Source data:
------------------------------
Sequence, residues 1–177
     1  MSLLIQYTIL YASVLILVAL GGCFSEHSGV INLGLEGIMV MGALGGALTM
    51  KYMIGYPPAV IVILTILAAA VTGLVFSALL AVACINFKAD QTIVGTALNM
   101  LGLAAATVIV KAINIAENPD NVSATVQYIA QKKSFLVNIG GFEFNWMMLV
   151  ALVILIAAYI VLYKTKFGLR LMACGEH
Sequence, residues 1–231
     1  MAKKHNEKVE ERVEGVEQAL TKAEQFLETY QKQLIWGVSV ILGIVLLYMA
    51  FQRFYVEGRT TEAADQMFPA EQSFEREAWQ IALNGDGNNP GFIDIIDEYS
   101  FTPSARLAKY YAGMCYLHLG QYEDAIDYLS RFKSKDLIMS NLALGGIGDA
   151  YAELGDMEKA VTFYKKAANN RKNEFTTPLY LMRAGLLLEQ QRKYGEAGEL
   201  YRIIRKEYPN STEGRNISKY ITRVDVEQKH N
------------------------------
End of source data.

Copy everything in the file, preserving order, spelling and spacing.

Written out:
Sequence, residues 1–177
     1  MSLLIQYTIL YASVLILVAL GGCFSEHSGV INLGLEGIMV MGALGGALTM
    51  KYMIGYPPAV IVILTILAAA VTGLVFSALL AVACINFKAD QTIVGTALNM
   101  LGLAAATVIV KAINIAENPD NVSATVQYIA QKKSFLVNIG GFEFNWMMLV
   151  ALVILIAAYI VLYKTKFGLR LMACGEH
Sequence, residues 1–231
     1  MAKKHNEKVE ERVEGVEQAL TKAEQFLETY QKQLIWGVSV ILGIVLLYMA
    51  FQRFYVEGRT TEAADQMFPA EQSFEREAWQ IALNGDGNNP GFIDIIDEYS
   101  FTPSARLAKY YAGMCYLHLG QYEDAIDYLS RFKSKDLIMS NLALGGIGDA
   151  YAELGDMEKA VTFYKKAANN RKNEFTTPLY LMRAGLLLEQ QRKYGEAGEL
   201  YRIIRKEYPN STEGRNISKY ITRVDVEQKH N